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Reverse Mortgages

If you’ve been thinking that now is the time to get a reverse mortgage for yourself or if you have questions about the reverse mortgage option for your parents, lets get started.

Reverse mortgages are a type of real estate financing, but they work differently from other home loans.

A reverse mortgage lets you borrow money from the equity in your house, without any monthly payments on a home loan.  You still have to pay for your property taxes and homeowners insurance, but the mortgage is repaid when the house is sold, or the property owner passes away.

Many of the rules and standards associated with most home loans simply don’t apply to reverse mortgages.

Let’s look at the basic requirements of the reverse mortgage.  The first important requirement is that you can only get a Federal Housing Administration (FHA) reverse mortgage if you’re 62 years and older. Nearly all reverse mortgages are insured through the Federal Housing Administration (FHA). The FHA calls reverse mortgages “home equity conversion mortgages” or HECMs.  You largely qualify for a reverse mortgage on the basis of the equity in your home. The amount you can borrow on a reverse mortgage will depend on the borrower’s age, interest rate, whether the rate is fixed or adjustable, and the property’s value. Monthly payments for principal and interest are not required. Borrowers are required to pay property taxes and homeowners insurance.

The loan is repaid when the borrower moves, sells the property, or passes away.

An FHA-backed HECM is a non-recourse loan so the loan is secured by the property’s value and not the borrower assets.

So, what’s the qualification requirements for a reverse mortgage?  The amount that will be available for withdrawal on a HECM loan or reverse mortgage will vary by borrower and depends on:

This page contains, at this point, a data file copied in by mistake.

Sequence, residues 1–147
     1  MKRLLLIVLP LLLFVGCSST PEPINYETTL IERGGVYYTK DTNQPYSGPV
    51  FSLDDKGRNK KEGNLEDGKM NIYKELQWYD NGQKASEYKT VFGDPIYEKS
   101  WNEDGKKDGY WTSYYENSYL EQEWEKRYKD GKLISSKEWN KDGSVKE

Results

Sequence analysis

1. Age of the youngest borrower or eligible non-borrowing spouse.
  2. Current interest rate; and
  3. Lesser of appraised value or the HECM FHA mortgage limit or the sales price.

If there is more than one borrower and no eligible non-borrowing spouse, the age of the youngest borrower is used to determine the amount you can borrow. You can a use a HECM to purchase a primary residence if you are able to use cash on hand to pay the difference between the HECM proceeds and the sales price plus closing costs for the property you are purchasing.

There are financial requirements with a reverse mortgage, but they are not as stringent as a standard mortgage.  Your lender will verify your income, assets, monthly living expenses and credit history.  They will also verify that you have made timely payments on your property.  Also, property taxes, hazard and flood insurance premiums will be verified.

You can pay for most of the costs of a HECM by financing them and having them paid from the proceeds of the loan. Financing the costs means that you do not have to pay for them out of your pocket.

The HECM loan includes several fees and charges, including, mortgage insurance premiums, both an initial and annual premium, third party charges, origination fees, interest, and servicing fees. Your lender will discuss which fees and charges are mandatory.

A reverse mortgage is a form of debt that grows every month. So how do you pay it off?

First, a reverse mortgage only needs to be repaid when one of these things happens:

  • The property is sold.
  • The borrower moves away.
  • The borrower has passed away.

What if the remaining loan balance is more than the value of the property?

An FHA-backed reverse is non-recourse financing. This means that the debt is secured by the value of the home and nothing else. If the value of the property is not sufficient to repay the debt, then the difference is paid by the FHA insurance program.

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If you’re considering a reverse mortgage, your first step will be to speak with a mortgage professional like myself. They can help you understand the reverse mortgage and decide if it is a good option for you.

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